Decided May 8, 1901.
1. — Embezzlement — Defendant as Witness — Cross-Examination.
On a trial for embezzlement of money belonging to a railroad corporation, defendant being a witness on the stand in his own behalf, was on cross-examination asked by the State's attorney "if, some sixteen years before, he had not been discharged by a railroad company in the State of Illinois," to which he was forced over his objections, to answer and state that he had been so discharged. Held, he was entitled to explain, as he proposed to do, the cause of his discharge, and it was error to refuse him permission to do so.
2. — Same — Accomplice Testimony — Charge of Court.
On a trial for embezzlement where the principal State's witness Davis, who was the agent of the railway company at the station where the embezzlement is alleged to have occurred, was connected by the evidence with the commission of the offense in such manner as tended to show him to be a particeps criminis, it was the duty of the court to charge the law of accomplice testimony with reference to his testimony; and it was error to fail to do so and to refuse defendant's requested instructions upon that phase of the law.
3. — Same — Evidence Insufficient.
See the opinion for facts stated which are held too indefinite, uncertain, and insufficient to support a conviction for embezzlement.
Appeal from the District Court of Wilbarger. Tried below before Hon. G.A. Brown.
Appeal from a conviction of embezzlement; penalty, two years imprisonment in the penitentiary.
The essential facts are fully stated in the opinion of the court, and no additional statement is necessary.
Lucky Berry, for appellant.
Rob't A. John, Assistant Attorney-General, for the State.
Upon an indictment charging appellant with embezzling $86.94, current money of the United States of America, the property of the Fort Worth Denver City Railway Company, alleged to be a corporation, he was convicted and his punishment assessed at two years confinement in the penitentiary.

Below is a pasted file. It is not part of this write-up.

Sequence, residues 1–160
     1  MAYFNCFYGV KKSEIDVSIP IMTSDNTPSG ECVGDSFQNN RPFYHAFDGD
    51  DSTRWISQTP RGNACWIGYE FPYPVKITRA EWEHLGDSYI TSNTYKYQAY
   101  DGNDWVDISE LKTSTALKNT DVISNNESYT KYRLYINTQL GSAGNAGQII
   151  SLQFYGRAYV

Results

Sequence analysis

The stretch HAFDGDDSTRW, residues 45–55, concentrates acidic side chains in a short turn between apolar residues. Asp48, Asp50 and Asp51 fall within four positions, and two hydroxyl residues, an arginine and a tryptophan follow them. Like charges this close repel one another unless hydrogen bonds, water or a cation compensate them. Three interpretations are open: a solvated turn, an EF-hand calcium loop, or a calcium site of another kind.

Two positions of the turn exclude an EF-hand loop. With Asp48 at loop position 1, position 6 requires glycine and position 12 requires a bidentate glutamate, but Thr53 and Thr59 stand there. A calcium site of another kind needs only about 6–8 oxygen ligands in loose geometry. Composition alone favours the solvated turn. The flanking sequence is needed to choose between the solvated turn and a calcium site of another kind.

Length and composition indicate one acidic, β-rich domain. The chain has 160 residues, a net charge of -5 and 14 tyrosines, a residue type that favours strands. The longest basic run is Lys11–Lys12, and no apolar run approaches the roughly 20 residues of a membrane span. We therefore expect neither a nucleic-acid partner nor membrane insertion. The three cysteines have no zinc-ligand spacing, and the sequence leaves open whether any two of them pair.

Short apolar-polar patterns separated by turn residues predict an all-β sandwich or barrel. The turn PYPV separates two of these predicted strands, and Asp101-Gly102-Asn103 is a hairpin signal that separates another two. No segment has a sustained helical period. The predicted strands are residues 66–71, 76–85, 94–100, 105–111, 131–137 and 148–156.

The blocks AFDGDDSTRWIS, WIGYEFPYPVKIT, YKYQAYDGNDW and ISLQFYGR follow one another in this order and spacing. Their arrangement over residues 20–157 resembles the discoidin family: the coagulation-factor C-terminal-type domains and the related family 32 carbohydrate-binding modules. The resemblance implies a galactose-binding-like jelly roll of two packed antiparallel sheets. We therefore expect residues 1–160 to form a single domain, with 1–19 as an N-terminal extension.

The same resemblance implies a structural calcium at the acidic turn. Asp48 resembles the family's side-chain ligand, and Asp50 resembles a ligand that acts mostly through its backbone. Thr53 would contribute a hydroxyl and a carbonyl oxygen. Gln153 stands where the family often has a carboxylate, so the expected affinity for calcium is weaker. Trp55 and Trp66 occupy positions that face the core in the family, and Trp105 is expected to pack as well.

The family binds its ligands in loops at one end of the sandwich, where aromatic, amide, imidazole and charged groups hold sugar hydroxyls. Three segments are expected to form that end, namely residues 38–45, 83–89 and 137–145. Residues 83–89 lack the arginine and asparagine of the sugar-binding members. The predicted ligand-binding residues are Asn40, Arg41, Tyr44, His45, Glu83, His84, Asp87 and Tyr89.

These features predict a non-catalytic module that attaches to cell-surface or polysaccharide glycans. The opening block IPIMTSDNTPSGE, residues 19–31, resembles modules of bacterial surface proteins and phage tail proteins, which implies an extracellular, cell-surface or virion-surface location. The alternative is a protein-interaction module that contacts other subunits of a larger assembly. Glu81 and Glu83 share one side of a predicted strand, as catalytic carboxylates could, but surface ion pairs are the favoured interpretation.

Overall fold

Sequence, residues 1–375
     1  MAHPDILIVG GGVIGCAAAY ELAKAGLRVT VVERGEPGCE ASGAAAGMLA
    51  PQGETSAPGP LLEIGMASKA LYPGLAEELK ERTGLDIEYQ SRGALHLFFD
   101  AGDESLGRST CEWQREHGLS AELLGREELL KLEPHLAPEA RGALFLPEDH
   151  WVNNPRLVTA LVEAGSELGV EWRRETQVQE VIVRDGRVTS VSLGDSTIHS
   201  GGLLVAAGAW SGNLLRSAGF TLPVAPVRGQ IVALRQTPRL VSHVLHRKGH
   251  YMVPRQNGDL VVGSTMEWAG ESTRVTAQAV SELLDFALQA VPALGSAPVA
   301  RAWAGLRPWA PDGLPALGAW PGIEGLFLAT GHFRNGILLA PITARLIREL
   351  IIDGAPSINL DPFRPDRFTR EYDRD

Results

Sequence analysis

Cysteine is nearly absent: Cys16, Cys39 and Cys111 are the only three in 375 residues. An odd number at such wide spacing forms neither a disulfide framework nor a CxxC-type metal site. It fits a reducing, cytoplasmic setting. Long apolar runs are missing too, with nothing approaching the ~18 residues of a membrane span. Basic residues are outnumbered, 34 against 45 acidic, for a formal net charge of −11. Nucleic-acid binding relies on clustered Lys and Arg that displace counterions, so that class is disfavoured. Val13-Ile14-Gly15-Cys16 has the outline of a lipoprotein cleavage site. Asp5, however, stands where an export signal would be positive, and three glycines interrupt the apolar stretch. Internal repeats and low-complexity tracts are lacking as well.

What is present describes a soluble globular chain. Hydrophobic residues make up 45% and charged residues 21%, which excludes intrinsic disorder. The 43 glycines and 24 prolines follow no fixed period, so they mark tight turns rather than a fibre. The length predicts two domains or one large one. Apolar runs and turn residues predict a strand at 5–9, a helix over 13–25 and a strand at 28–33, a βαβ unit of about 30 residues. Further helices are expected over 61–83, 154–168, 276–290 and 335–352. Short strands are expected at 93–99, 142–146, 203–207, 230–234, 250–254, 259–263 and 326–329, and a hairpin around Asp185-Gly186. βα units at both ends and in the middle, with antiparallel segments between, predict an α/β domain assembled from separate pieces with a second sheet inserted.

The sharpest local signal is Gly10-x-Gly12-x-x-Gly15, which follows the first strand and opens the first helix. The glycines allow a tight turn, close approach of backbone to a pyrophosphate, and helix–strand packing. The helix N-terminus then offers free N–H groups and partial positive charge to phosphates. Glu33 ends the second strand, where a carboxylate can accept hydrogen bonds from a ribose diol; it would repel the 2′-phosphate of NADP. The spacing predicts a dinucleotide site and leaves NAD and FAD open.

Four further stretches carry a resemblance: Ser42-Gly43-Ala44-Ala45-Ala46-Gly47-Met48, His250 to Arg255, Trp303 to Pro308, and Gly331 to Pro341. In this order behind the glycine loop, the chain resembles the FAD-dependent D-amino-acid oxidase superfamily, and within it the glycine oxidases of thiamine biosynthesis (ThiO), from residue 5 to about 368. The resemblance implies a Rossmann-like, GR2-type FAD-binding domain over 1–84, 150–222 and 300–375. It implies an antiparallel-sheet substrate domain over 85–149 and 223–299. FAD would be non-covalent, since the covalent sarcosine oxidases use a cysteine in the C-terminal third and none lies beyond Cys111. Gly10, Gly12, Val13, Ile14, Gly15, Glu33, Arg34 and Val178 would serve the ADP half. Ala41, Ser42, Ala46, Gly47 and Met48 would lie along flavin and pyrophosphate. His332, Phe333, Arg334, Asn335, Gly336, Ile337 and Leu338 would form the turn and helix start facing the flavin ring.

On cross-examination, appellant was asked by the State's attorney if he had not been discharged by a railroad company at Astoria, Ill., about sixteen years ago. Over his objection, appellant was forced to answer, and stated that he had been discharged at said time and place by a railroad company. He then proposed to explain why he was discharged, and would have stated that it was because he refused to take sides with or in any manner participate in a strike of railroad employes at the time going on. We believe that this testimony should have been admitted. Appellant asked the court to charge the law of accomplices with reference to the State's witness Davis. This was refused, and exception reserved. When the evidence tends in any way to connect a witness with the commission of the offense, or shows him to be particeps criminis in any manner, the law applicable to accomplices should be given. Davis was the agent of the railroad at the station where this embezzlement is alleged to have occurred. He was the only person with whom an account was kept at the general office of the railroad. All receipts and reports were made in his name, as well as all remittances of money. All money belonging to the railroad at the station was under his control. It was his duty to inspect the books and waybills of freight received by appellant, and see that these books were correctly kept. He directed defendant, who was the cashier of the railroad at that point, not to enter waybills on the "Freight Received Book" until he had collected money sufficient to cover the amount. All expense bills were made out by appellant in the name of the witness Davis, and Davis often collected the bills himself; and on several occasions he took all the money out of the depot to his residence, and kept it there overnight, and discrepancies occurred in the amount he took away and that which he would return. Discrepancies also occurred in the amounts which he would take from the depot with him in going to the bank to buy exchange for the purpose of making remittance, and the amount he reported to appellant upon his return to the depot. The testimony tends to show that when the discrepancies between the freight bills and waybills, etc., and the amount of money actually received, were shown, Davis would instruct appellant to carry the freight bills over until there was money sufficient to cover such bills. We are of opinion that, under this testimony, the jury should have been instructed with regard to the law of accomplice testimony.